he current ruling coalition comprising the BSP, DPS and Ataka is busy digging into the GERB party sewers frantically shovelling wagonloads of slime to pour over Boyko Borisov's head – accusations of financial mismanagement, corrupt cronyism, gross intrusion into citizens’ privacy and so on and so forth - in the hope that the muck will be so sticky that its stink will remain in voters’ nostrils come the next election. So how will posterity assess the legacy of the "Greatest Living Bulgarian"?
If Boyko "Big Brother" Borisov is remembered for anything positive at all, it must be the motorway linking Sofia with Burgas. Such excitement – my friends and neighbours all boasting how they can now drive to the capital in just over a couple of hours. The speed limit is 130 kph, but my mates assure me that the police grant a 10 kph margin. This mysteriously translates into a cruising speed of 150 kph.
How hard to remember those golden days of leisurely motoring when Bulgaria’s only stretch of motorway ran from Sofia to Plovdiv and the KAT traffic police put trestle tables across all but one lane at the beginning of the highway just to remind comrade drivers how lucky they were to pretend that their Ladas and Trabants could be temporarily transformed into F1 racing cars for the 120 kilometres ahead.
Now Bulgaria is in Europe and Big Brother Boyko boasts that the motorway built with European money is his creation.
However, whether this road deserves to be called a motorway is seriously open to question. Unlucky foreigners can easily be fooled into believing that driving down this road at the prescribed speed limit is safe. They should know two things. First, the oldest part of the road - between Sofia and Plovdiv - is in serious need of repair. Two, that there is little or no warning of roadworks. Those beloved Autobahn signs that advise you kilometres in advance of speed restrictions and lane closures are entirely absent. Instead the unwary driver in the fast lane faces a sudden unheralded line of traffic cones 50 yards from a parked bulldozer. Ninety-nine times out of a hundred he swerves and because of the relative lack of traffic intensity he survives to rain curses on the bulldozer’s mother.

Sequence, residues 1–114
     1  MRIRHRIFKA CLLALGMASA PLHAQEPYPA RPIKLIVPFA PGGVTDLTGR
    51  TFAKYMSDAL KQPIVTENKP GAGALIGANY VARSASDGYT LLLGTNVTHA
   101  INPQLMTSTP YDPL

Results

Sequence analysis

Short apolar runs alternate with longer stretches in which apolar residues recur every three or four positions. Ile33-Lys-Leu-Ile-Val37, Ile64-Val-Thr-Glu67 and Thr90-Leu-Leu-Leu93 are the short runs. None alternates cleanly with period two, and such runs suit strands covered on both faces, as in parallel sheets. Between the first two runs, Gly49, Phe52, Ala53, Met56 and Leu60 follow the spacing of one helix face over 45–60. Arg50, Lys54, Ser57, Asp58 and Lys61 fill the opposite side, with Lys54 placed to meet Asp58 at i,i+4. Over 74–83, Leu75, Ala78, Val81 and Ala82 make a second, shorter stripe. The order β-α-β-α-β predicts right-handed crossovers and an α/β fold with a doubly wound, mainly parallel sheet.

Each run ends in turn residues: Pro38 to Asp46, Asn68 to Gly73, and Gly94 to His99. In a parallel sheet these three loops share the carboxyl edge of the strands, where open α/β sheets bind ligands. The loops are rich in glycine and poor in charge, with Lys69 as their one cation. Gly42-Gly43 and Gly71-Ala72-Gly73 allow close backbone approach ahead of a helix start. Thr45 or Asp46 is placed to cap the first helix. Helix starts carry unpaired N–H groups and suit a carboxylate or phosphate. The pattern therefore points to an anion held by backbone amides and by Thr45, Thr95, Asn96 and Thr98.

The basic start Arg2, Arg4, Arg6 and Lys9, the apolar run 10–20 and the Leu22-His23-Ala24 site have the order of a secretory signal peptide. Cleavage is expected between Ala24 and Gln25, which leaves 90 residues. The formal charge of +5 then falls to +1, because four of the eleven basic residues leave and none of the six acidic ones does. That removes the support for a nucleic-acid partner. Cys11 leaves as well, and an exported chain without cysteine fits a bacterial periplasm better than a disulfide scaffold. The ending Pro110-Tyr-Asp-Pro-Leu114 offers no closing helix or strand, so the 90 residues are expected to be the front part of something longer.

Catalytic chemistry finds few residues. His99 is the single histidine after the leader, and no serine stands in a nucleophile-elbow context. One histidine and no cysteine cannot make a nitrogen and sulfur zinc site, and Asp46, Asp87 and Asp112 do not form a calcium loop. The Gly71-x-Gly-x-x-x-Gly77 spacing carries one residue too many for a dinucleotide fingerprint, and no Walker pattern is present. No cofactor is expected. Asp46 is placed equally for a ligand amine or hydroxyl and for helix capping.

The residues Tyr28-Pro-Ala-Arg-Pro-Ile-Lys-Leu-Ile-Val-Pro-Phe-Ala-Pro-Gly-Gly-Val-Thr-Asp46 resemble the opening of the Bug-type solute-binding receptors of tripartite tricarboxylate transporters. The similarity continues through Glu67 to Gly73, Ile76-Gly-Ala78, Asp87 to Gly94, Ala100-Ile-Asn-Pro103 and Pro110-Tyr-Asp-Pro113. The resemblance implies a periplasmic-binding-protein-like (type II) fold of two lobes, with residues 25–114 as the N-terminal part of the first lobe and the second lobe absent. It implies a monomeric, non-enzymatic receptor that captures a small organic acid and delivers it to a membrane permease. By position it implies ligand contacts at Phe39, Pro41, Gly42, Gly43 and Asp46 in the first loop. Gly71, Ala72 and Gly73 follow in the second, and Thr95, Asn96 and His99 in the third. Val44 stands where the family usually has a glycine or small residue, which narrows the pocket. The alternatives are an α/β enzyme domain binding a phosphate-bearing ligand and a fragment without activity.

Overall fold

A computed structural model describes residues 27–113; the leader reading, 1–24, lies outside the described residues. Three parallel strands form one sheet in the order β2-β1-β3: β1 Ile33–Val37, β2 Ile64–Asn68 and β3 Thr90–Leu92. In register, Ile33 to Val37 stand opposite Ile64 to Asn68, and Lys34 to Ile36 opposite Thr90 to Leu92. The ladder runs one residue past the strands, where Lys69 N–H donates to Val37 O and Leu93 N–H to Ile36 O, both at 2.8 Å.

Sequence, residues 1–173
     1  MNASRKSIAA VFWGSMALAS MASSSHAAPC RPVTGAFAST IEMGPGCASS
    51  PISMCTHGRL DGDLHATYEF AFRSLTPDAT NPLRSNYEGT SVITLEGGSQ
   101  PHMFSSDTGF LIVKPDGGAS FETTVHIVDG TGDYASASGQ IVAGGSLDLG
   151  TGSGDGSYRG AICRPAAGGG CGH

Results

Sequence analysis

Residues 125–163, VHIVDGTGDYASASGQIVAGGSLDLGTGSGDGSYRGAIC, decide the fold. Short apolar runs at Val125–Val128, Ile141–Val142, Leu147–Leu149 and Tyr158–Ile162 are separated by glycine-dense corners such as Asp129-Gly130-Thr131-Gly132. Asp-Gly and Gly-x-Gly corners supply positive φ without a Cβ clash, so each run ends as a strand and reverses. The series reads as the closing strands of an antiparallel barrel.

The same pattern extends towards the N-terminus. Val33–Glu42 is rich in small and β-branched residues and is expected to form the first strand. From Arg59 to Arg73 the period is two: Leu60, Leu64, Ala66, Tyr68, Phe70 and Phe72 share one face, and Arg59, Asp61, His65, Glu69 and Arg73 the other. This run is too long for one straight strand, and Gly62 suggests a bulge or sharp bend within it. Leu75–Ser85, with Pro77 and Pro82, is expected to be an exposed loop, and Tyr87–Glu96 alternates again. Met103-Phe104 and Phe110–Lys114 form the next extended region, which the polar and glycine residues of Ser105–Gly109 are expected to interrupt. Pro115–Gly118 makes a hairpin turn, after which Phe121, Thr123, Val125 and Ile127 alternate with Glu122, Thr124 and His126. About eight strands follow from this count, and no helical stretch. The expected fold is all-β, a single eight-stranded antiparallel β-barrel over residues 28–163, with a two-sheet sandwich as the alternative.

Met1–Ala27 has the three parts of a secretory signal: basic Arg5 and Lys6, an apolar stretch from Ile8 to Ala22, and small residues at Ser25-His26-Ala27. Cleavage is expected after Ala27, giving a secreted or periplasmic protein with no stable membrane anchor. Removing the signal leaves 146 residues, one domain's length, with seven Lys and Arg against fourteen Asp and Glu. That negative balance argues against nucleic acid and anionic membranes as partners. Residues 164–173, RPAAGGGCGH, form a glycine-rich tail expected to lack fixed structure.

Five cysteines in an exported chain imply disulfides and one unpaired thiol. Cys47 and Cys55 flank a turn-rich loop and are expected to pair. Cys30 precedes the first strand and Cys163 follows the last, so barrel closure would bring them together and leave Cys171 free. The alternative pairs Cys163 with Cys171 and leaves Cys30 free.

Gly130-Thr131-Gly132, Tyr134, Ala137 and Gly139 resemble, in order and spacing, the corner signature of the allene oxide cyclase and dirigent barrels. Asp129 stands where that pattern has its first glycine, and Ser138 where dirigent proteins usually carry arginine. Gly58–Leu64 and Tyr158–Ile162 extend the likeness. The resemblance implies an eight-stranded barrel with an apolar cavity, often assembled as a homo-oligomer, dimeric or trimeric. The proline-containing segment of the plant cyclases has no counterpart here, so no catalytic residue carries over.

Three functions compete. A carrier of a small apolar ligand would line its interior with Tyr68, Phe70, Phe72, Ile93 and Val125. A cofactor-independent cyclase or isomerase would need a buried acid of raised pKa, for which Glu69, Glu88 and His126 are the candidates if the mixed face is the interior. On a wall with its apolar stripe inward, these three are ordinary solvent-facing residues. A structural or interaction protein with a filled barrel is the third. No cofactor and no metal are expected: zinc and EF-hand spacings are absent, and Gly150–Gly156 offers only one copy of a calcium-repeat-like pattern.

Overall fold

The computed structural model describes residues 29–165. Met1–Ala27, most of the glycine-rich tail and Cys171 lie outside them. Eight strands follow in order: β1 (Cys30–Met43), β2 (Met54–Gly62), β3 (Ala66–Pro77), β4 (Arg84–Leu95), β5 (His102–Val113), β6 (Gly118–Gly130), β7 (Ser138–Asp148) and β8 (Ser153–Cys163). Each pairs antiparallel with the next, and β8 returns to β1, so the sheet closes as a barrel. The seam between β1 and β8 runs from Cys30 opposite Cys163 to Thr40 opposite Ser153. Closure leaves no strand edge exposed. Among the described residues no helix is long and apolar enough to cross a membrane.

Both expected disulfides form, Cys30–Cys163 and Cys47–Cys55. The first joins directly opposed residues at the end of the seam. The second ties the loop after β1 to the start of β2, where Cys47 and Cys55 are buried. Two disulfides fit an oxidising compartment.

Summer traffic on the motorway is intense. _Gästarbeiters[ital] are making their summer migration from Germany to Turkey in cars filled with children and luggage. Just one more country to cross and they are on home soil. Outside Plovdiv, two policemen are flapping their arms and directing traffic off the motorway. Like inept toreadors they risk their lives with just a line of plastic traffic cones to protect them from the cars charging at them at phenomenal speeds.
Elsewhere diverted drivers expect to see further signs, leading them through back roads towards that magic point where they can safely rejoin the motorway. On an occasion the traffic column sent off down the dual carriageway into Plovdiv took the first opportunity to perform an illegal U-turn and return to join the motorway just a few yards down from the flapping policemen. No one had thought to close the slip road back onto the motorway.
A mile on down the road the traffic slowed to thread its way through the wreckage of five cars, that had swerved, crashed, shunted in trying to avoid an enormous steam-roller left over the weekend in the fast lane. In a nearby field a stunned Turkish woman wept beside her smashed up car – a car filled to the roof with luggage and presents for her friends and relations back home.
Meanwhile thanking our lucky stars that we hadn’t embarked on our journey half an hour earlier we drove on towards Burgas down the remaining 150 kilometres of Boyko Borisov's road. The Turkish drivers had now left to join the still largely single track road towards the border and the only snake in this motoring heaven is that there are no petrol stations, no toilets – just a very few treeless shrubless high-fenced parking lay-byes.